Howard Rich's Blog

May 5, 2009

Term Limits Say New Orleans Mayor Can’t Return; Residents Say They Don’t Mind

from the New York Times:

NEW ORLEANS — As Mayor C. Ray Nagin approaches his final year in office, he faces scandal, an acrimonious stalemate with the City Council and the worst popularity ratings ever recorded for a mayor here.

Term limits will keep him from running again, so Mr. Nagin’s eight tumultuous years of leading what he called a “chocolate city” will come to an end next May. He has not been popular among middle-class white voters since the chaotic days after Hurricane Katrina in 2005, but now, with the city still in a halting recovery more than three and a half years later, residents citywide seem eager to see him go.

In a recent poll by the University of New Orleans, Mr. Nagin was cited as one of the “biggest problems” for the city, coming in third after crime and education. Just 24 percent of residents over all said they approved of the mayor, a drop from 31 percent the year before.

“It’s the worst approval rating we’ve reported since 1986,” when the poll was first conducted, said Robert T. Sims, the director of the university’s survey research center.

Among African-Americans, support dropped to 36 percent from about half of those polled last year. Among whites, who constituted much of Mr. Nagin’s voting base in his first election, the approval rating was 5 percent. (The survey’s margin of sampling error for whites was plus or minus five percentage points.)

Edward F. Renwick, a retired professor of political science at Loyola University and a pollster himself, said he found that figure surprising. “I have hardly ever seen 5 percent,” Dr. Renwick said. On the other hand, he added, “I have never met a white person who doesn’t hate him.”

That sentiment can be seen in a $2 bumper sticker that has become popular in the city’s souvenir shops. In vivid Mardi Gras colors, it says: “May 31, 2010: Nagin’s Last Day. Proud to See Him Gone.”

The creator of the bumper stickers and of a “Nagin’s Last Day” Web site that features a countdown clock asked that his name not be revealed because he is a local businessman and worries about retribution. But, he said, the intent is to turn frustration into laughter. “At funerals, we dance and have second-line parades,” he said. “We’re dancing out the Nagin era.”

A spokesman for Mr. Nagin, Terry Davis, said the mayor had questioned the methodology of the poll. But two days after the interview with Mr. Davis, a poll from Tulane University reported similar numbers.

Why is dissatisfaction so high? People have learned to take in stride Mr. Nagin’s tendency to shoot from the hip with a howitzer and have tended to draw some satisfaction from his ability to avoid the serious taint of corruption that has dogged many Louisiana politicians.

Now, however, that sense is coming to an end, after accusations arose in a civil lawsuit concerning city technology contracts. In a deposition, a former city official said he took a Hawaiian vacation with Mr. Nagin and their families in 2004 that was paid for by a company whose owner did extensive business with the city through other companies. Claims of other trips raising ethics questions were raised in later testimony.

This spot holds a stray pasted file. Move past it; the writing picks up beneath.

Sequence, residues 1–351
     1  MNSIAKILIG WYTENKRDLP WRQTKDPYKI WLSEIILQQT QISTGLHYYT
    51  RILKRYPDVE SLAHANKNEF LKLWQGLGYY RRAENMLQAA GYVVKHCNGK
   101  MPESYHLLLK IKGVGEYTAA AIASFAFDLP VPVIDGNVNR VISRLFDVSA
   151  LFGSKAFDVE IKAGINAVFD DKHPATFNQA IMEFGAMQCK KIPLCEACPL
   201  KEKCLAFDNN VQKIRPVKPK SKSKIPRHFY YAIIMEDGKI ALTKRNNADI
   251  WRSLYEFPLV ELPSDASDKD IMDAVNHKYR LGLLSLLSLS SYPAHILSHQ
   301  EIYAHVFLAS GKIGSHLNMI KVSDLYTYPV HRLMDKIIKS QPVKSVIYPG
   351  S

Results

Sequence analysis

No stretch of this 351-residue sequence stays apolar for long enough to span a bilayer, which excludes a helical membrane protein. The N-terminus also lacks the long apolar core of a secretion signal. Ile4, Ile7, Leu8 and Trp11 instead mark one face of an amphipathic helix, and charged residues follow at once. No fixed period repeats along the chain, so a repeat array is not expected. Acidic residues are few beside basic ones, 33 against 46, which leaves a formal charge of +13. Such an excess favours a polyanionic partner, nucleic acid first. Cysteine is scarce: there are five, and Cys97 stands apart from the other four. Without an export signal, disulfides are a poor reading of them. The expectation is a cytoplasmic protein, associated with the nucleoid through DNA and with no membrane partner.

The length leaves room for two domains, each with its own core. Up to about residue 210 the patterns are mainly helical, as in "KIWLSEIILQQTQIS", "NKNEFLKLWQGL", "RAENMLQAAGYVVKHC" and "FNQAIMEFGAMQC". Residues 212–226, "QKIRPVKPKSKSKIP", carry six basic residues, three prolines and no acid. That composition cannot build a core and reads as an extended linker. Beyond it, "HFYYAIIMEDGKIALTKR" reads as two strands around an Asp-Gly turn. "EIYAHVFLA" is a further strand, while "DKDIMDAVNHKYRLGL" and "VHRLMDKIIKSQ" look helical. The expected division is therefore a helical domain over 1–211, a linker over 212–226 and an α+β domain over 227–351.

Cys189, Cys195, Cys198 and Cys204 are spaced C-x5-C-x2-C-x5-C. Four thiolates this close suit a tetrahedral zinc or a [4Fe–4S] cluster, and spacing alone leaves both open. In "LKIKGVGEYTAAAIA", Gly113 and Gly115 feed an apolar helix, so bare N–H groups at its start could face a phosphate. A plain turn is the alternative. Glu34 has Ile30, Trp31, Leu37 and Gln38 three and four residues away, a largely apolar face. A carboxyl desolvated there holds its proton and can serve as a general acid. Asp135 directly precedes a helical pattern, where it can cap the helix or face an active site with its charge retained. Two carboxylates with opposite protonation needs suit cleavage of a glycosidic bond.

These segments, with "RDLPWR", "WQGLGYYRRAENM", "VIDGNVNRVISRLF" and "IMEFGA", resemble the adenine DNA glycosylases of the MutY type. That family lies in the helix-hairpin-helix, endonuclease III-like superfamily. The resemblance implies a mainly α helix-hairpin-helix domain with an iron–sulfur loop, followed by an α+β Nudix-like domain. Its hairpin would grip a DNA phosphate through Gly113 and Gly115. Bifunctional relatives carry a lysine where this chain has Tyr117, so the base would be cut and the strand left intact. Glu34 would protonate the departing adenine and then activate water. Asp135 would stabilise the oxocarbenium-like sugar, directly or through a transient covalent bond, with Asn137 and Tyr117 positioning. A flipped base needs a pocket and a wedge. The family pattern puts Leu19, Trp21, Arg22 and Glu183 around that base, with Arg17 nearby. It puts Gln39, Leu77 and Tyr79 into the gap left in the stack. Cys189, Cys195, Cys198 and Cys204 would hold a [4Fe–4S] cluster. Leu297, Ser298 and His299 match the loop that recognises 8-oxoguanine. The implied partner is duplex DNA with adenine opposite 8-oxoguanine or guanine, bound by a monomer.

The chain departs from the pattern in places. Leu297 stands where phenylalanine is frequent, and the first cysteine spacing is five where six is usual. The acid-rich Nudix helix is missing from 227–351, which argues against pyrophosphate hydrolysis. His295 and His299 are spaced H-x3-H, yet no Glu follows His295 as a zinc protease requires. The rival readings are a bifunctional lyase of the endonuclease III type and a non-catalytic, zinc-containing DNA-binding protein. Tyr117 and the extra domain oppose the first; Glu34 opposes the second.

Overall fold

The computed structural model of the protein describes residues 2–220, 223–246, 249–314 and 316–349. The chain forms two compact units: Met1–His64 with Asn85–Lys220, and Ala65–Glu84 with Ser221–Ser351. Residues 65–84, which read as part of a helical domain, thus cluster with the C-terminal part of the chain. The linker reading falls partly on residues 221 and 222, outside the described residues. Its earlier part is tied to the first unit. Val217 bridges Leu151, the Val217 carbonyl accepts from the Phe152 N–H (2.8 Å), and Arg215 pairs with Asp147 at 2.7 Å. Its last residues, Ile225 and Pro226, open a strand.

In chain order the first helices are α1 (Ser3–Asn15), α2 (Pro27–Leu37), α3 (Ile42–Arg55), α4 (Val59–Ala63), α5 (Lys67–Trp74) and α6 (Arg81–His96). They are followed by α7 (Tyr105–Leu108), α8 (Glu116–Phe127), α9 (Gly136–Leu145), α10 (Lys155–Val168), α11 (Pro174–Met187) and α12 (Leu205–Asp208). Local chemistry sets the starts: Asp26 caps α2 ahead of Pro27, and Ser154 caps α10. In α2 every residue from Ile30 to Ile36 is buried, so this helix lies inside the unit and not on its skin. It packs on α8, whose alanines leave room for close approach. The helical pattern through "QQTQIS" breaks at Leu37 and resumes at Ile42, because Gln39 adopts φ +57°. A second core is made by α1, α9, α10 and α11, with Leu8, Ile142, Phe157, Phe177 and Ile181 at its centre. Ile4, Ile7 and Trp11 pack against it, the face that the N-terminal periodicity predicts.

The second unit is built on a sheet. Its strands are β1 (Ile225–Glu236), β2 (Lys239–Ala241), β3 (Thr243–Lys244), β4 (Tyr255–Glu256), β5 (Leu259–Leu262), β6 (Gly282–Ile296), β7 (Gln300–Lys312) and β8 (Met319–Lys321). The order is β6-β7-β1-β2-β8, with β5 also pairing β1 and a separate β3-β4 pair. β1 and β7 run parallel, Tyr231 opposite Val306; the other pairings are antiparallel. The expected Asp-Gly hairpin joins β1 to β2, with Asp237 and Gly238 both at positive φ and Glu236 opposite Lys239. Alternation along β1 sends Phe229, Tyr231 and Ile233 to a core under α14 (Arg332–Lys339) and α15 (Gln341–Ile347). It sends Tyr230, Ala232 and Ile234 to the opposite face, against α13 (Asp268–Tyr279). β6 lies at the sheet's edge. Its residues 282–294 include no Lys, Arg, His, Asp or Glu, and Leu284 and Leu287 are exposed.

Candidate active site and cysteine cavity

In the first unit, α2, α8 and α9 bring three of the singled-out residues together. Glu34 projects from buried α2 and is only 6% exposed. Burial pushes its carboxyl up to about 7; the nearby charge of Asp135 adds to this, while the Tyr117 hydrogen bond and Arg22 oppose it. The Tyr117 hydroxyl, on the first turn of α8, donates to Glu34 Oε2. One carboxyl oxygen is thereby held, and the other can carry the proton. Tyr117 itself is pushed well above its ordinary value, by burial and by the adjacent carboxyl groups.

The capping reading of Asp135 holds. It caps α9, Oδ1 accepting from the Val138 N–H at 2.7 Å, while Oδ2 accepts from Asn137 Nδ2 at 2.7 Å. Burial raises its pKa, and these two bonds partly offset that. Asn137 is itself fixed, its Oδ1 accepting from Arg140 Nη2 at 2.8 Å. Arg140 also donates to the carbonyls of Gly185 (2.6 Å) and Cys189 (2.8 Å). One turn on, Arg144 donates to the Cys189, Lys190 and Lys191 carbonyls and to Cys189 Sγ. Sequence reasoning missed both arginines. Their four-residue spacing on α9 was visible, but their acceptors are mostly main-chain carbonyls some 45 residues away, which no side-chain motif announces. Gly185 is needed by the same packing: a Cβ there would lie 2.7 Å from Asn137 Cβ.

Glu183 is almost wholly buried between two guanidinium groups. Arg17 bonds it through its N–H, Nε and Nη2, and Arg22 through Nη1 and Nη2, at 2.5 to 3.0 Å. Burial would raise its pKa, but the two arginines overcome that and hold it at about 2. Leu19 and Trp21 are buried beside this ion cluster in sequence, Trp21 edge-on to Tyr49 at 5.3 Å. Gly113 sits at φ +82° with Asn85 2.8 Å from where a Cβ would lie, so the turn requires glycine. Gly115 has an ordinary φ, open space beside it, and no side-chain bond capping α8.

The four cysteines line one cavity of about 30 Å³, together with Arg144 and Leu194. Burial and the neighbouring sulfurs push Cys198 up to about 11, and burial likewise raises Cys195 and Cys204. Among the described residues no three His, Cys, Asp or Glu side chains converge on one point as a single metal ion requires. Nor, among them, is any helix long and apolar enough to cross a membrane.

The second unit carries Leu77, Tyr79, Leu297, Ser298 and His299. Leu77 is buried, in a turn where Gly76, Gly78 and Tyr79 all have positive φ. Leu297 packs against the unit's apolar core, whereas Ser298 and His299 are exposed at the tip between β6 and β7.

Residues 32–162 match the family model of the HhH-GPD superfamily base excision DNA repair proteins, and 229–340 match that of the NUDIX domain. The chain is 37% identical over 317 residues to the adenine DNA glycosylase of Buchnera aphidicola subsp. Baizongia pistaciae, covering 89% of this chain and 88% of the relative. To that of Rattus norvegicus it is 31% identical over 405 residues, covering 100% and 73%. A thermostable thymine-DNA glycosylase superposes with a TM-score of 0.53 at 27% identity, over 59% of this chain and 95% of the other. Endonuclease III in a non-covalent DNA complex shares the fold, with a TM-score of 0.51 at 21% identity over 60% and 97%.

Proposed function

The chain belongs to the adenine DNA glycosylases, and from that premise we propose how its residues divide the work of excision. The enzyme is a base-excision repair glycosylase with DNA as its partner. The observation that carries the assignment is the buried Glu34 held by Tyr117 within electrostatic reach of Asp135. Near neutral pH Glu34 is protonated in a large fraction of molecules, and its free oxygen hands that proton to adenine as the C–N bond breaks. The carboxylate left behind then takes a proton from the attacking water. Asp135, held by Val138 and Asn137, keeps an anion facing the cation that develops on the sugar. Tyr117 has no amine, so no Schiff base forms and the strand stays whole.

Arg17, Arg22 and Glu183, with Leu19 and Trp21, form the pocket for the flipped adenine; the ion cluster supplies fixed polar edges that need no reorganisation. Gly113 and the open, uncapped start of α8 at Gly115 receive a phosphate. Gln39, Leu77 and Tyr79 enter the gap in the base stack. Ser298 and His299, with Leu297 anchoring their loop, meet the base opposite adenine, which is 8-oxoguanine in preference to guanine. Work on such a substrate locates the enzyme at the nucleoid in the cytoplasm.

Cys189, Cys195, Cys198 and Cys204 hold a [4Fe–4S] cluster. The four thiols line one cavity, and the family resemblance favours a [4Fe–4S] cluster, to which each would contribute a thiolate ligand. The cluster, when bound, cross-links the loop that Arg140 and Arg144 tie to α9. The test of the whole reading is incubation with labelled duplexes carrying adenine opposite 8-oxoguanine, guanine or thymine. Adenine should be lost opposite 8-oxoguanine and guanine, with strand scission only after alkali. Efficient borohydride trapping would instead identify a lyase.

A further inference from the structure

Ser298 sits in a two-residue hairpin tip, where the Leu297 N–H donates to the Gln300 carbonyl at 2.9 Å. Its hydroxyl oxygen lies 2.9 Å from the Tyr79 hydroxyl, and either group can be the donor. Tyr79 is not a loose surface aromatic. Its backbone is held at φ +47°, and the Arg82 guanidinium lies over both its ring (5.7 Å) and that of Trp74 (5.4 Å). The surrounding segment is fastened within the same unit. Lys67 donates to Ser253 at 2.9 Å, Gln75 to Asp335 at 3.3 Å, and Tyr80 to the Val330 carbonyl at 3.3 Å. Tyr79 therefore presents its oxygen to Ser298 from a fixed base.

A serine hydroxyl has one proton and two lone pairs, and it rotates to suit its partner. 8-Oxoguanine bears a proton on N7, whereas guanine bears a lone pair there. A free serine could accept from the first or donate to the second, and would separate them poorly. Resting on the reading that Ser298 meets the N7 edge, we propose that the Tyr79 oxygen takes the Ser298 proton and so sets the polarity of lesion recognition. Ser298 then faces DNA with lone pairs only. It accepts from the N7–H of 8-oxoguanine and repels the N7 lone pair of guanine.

At a news conference on April 7, the mayor defended the Hawaiian vacation. “I don’t see it as a violation of any law, any ethics rules,” he said, because he had been told that the city official — Greg Meffert, the former chief of technology for New Orleans — was paying for the trip, not the contractor.

“It’s been cleverly portrayed that there’s something wrong here, and no one has proven that yet,” Mr. Nagin said at the time. He acknowledged, however, that “there’s still a question whether this is illegal or unethical.” He declined requests for an interview.

Mr. Nagin has also been in a long stalemate with the City Council over budget issues and a struggle with news organizations over public-records requests for his e-mail messages. After a judge ordered the messages released, it emerged that thousands of messages had been deleted.

But the biggest issue is the state of the city. Dr. Renwick, of Loyola, said that despite positive signs of rebuilding in neighborhoods like the French Quarter and the Garden District, enormous areas of the city were still crippled and government services were balky at best.

Fixing a streetlight, Dr. Renwick said, can take months and repeated complaints. Over time, he said, “you build up a mass of people who are irritated.”

Ruston Henry, a pharmacist who lost his business in the Lower Ninth Ward to Hurricane Katrina and who works on economic development issues in the city, said residents were frustrated.

“They see tremendous opportunity, and they see not much getting done,” Mr. Henry said, though he added that the Council must share part of the blame.

Part of what initially got Mr. Nagin elected, Dr. Renwick said, was his reputation as a businessman, rather than a professional politician. But in the crisis, the city needed something more.

“The mayor is not a hands-on administrator,” Dr. Renwick said. “He’s more a big-picture guy. And fixing streetlights is small picture. There’s a bit of a disconnect there.”

The authors of the Tulane poll, including the political consultant James Carville, said voters believed by two to one that the city was “on the wrong track,” and they compared the city’s mood to that of the nation “in the final year of the Bush administration.”

One of the mayor’s top aides, Edward J. Blakely, executive director for recovery management, said in an interview that, to some extent, Mr. Nagin was a victim of his times.

“Everything that was broken before Katrina is now magnified, and the mayor has to be held accountable for it,” Mr. Blakely said. Housing may be blighted, the streets pothole-strewn and the infrastructure crumbling, he said, but “these things were broken long before Katrina.”


Acorn Charged in Voter Registration Fraud Case in Nevada

New York Times

LAS VEGAS — A prominent antipoverty organization that drew criticism from Republicans during last year’s presidential race was charged by Nevada officials Monday with engaging in voter registration fraud.

Two former leaders of the group’s Nevada branch were also charged in connection with the submission of thousands of bogus voter registration forms.

The organization, the Association of Community Organizations for Reform Now, or Acorn, is accused of paying canvassers only if they registered at least 20 voters per shift and providing bonuses of $5 for registering more than 21.

Under Nevada law, it is illegal to attach incentives to such work, in part because it encourages canvassers to submit fraudulent forms, Secretary of State Ross Miller said.